NBA coaches have been tripping over themselves to compliment Kevin Garnett after he announced his retirement last week.
This is an understandable reaction after such a long career with numerous accolades in the association.
Both the Los Angeles Clippers’ Doc Rivers and Cleveland Cavaliers head coach Tyronn Lue have offered the future Hall-of-Famer a possible seat on their benches this season.
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There have been many great players to grace the hardwood over the years. But, what makes KG a great candidate to become a coach?
Time has proven that some great players are ill-suited for life as coaches after dominating in the NBA.
However, for every Magic Johnson there seems to be a Larry Bird who becomes a wonderful coach. Here are the defining factors that will make The Big Ticket a successful member on any staff:
The 40-year-old was, by all accounts, one of the hardest working superstars in league history. He constantly tried to improve his game through physical preparation.
He was nicknamed Da Kid during his early tenure with the Minnesota Timberwolves. Drafted right out of High School, he was a rail thin project.
Even though he was considered a gamble, he took on that adversity and became one of the most durable superstars that fans had ever seen.
Becoming a physically imposing force doesn’t happen overnight. He could definitely instill some of his work ethic in the younger players under him.
We all know about the headbutting ritual before games where KG stands in front of the backboard stanchion. But, in the days since his retirement we have heard accounts of his other mad behavior.
This is a man who would mumble to himself when he made mistakes and yell at himself when he did well. He would hit himself in frustration on the court multiple times a season.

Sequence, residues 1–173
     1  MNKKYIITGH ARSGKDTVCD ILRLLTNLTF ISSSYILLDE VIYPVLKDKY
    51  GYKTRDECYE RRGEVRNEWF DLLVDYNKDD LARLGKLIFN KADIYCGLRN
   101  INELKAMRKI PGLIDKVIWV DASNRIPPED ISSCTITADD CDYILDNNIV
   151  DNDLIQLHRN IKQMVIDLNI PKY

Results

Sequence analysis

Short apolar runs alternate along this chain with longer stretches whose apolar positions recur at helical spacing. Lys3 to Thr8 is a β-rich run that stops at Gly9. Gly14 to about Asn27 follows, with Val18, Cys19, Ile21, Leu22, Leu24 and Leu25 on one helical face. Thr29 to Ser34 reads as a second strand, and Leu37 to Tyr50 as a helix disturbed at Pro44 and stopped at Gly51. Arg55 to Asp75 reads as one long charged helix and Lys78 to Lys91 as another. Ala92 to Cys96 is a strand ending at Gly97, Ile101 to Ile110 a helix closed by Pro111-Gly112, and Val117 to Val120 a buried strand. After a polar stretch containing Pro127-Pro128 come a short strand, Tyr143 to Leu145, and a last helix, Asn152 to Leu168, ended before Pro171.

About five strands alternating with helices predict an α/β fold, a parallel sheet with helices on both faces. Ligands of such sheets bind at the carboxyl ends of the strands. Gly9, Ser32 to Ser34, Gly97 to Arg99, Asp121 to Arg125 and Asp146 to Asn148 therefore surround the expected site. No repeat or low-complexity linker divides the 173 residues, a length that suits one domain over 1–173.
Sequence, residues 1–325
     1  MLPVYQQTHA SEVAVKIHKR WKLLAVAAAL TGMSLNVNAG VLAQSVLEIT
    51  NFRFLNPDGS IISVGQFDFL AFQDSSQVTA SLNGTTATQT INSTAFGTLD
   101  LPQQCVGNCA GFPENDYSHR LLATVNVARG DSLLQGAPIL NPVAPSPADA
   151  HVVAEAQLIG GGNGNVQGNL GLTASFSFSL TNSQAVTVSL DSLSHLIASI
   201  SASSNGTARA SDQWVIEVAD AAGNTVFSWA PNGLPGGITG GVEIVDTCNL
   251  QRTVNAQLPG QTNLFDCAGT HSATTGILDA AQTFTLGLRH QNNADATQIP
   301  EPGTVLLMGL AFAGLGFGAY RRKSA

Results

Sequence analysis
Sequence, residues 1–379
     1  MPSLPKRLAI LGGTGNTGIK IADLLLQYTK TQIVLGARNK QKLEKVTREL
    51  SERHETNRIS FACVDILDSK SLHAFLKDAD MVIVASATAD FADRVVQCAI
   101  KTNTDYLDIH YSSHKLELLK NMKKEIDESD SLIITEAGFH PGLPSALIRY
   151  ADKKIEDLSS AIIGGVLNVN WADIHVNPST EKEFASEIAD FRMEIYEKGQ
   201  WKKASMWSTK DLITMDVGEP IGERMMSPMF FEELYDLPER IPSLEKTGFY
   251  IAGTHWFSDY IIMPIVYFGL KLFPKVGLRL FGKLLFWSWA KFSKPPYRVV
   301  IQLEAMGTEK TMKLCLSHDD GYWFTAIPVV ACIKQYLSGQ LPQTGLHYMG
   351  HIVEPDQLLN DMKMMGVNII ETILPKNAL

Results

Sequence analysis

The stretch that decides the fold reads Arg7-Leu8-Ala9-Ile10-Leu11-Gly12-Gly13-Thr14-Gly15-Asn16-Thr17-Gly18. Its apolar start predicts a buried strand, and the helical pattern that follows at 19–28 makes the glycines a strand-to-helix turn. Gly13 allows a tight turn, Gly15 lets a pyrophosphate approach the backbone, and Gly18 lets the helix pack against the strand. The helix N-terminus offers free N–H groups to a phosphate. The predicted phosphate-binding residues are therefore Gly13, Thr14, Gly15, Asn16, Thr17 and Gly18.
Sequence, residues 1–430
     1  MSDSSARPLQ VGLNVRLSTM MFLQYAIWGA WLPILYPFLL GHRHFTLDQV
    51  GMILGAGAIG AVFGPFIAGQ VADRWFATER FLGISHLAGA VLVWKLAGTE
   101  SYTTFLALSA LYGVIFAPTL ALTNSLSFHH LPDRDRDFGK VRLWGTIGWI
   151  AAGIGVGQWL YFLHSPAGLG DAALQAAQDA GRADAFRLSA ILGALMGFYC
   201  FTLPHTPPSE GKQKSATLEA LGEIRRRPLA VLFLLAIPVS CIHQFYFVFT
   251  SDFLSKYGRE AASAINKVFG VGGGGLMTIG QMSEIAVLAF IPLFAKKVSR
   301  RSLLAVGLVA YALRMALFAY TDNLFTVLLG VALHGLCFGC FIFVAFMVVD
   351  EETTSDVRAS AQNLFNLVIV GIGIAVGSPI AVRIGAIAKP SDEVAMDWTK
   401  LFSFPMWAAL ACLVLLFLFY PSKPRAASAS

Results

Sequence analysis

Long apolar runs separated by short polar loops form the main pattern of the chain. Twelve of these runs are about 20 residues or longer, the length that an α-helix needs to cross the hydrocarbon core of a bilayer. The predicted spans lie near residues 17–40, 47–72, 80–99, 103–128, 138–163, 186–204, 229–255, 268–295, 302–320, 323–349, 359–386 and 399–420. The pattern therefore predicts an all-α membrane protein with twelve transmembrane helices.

Any team featuring the power forward was forced to take on a measure of his menace and attitude on the court. He expected all of his teammates to share his demeanor and focus.
Any locker room he was a part of as a coach would undoubtedly follow suit. A little structure never hurt anyone and with a legend in the midst there would be plenty to go around.
The true test of a champion is always referred to in terms of wanting it more than the opposition.
No body that played against the Celtics during the “Big Three”-era wanted to win more than Boston’s defensive anchor.
He was a whirling dervish in the paint that whipped their attack into a frenzy. If you were known as a minus defender when you arrived, then you would have to become better.
Garnett held on so long because he really loves basketball. This isn’t his job, this is his life. If you were next to him, it better be yours as well.
That kind of passion can be hard to get out of players depending on the team situation but, with him on the sideline, you can bet that his team wouldn’t be lacking for passion.